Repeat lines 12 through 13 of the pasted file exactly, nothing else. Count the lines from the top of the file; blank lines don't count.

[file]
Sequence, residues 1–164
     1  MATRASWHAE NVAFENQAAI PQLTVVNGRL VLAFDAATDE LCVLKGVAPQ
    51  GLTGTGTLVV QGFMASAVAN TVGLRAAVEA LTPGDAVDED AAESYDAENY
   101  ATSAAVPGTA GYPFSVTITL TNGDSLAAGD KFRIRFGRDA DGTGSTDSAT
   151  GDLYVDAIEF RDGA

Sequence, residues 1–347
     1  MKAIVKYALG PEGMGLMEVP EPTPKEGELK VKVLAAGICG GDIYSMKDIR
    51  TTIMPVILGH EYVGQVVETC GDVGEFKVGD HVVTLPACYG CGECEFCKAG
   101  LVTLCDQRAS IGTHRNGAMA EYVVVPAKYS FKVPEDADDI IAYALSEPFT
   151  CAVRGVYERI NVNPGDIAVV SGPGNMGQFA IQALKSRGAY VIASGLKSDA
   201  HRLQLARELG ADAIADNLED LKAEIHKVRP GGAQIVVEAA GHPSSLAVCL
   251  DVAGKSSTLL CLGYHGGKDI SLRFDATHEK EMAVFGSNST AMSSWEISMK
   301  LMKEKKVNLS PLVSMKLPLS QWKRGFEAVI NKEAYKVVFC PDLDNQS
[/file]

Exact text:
   251  DVAGKSSTLL CLGYHGGKDI SLRFDATHEK EMAVFGSNST AMSSWEISMK
   301  LMKEKKVNLS PLVSMKLPLS QWKRGFEAVI NKEAYKVVFC PDLDNQS